On January 23rd, 1960, Don Walsh, a US Navy officer, accompanied Swiss Jacques Piccard on the first crewed dive to the Earth’s deepest point in the bathyscaphe Trieste. Now, 60 years after the historic journey, Walsh’s son Kelly has become the 12th person to visit the floor of the Mariana Trench, almost seven miles down in the Pacific. In case you’re counting, 12 is the same number of people that have walked on the surface of the Moon.
Kelly joined Victor Vescovo aboard DSV Limiting Factor, the 12-tonne submersible that the Texan adventurer used during the Five Deeps Expedition to dive to the deepest points of the planet’s five oceans: the Puerto Rico Trench in the Atlantic, the South Sandwich Trench in the Southern Ocean, the Java Trench in the Indian Ocean, the Molloy Trench in the Arctic Ocean, and the Mariana Trench in the Pacific. The expedition was successfully completed in August 2019.
Walsh’s dive, on June 20th, which he described as “a hugely emotional journey” took 12 hours and saw him reach a depth of around 35,843 feet. Vescovo and Walsh descended to one of the three distinct zones in the Challenger Deep called the “western pool.” That’s the same spot Don Walsh and Jacques Piccard visited, and it was the first time anyone had been back there since that groundbreaking dive.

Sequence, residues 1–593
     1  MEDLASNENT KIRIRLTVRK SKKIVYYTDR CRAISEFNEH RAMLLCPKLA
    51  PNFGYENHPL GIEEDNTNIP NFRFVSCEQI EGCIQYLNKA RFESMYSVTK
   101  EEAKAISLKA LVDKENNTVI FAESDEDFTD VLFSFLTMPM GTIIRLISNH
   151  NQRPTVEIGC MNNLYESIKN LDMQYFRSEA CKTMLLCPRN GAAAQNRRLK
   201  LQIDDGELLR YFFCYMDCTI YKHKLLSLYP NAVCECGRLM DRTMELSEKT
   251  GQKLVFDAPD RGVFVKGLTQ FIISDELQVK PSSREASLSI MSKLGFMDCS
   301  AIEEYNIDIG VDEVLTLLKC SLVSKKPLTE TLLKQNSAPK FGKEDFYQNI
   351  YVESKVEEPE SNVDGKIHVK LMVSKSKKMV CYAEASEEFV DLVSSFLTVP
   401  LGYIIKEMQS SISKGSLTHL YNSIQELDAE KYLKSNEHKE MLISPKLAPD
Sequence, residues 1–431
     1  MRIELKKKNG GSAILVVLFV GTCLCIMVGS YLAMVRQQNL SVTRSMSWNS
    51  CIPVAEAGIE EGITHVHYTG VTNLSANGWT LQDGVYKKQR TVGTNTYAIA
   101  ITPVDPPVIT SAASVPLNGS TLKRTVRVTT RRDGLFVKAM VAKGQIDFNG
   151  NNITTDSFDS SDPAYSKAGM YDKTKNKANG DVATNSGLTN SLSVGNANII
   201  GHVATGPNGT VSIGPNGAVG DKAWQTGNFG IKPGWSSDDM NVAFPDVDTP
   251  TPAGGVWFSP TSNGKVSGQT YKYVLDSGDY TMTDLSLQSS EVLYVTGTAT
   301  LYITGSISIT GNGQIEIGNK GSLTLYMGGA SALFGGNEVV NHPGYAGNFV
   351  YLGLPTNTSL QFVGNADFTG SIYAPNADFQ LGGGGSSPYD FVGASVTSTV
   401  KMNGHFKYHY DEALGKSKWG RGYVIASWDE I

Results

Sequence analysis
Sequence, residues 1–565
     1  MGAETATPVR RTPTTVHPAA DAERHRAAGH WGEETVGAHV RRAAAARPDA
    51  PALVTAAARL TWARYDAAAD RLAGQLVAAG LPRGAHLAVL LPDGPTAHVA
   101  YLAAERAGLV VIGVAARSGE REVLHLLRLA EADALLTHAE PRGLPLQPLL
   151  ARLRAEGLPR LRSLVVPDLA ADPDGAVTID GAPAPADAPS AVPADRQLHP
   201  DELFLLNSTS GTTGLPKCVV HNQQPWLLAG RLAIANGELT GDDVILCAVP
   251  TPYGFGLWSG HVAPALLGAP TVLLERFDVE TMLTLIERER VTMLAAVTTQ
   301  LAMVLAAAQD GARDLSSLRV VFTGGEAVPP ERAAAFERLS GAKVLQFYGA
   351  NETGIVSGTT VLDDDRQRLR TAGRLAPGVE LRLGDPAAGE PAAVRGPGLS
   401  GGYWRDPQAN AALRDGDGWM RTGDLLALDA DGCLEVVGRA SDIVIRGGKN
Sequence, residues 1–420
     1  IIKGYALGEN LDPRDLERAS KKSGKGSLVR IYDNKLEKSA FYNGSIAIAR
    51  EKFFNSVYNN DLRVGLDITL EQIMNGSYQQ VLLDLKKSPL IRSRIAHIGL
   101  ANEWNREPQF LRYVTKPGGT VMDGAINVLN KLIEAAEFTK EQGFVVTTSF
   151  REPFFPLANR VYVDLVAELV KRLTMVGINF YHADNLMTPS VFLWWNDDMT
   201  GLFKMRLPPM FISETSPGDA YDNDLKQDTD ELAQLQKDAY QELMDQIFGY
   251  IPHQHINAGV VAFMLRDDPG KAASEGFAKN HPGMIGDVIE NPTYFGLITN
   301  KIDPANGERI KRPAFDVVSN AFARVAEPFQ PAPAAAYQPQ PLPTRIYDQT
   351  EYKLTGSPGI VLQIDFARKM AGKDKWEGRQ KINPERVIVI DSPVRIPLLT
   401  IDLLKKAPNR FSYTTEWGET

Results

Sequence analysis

Read more here.
Kelly Walsh and I diving to the bottom of the Western Pool of Challenger Deep yesterday. He is the son of Don Walsh, the captain of the Trieste, the first sub to the bottom of the Deep. We spent 3.1 hours on the bottom, traveled over two miles, and successfully made it to the surface after a total 12- hour dive. A great father - son exploration story I was very happy to help make happen for this Father's day. (Happy Father's day to my own Papa, may he rest in peace.)
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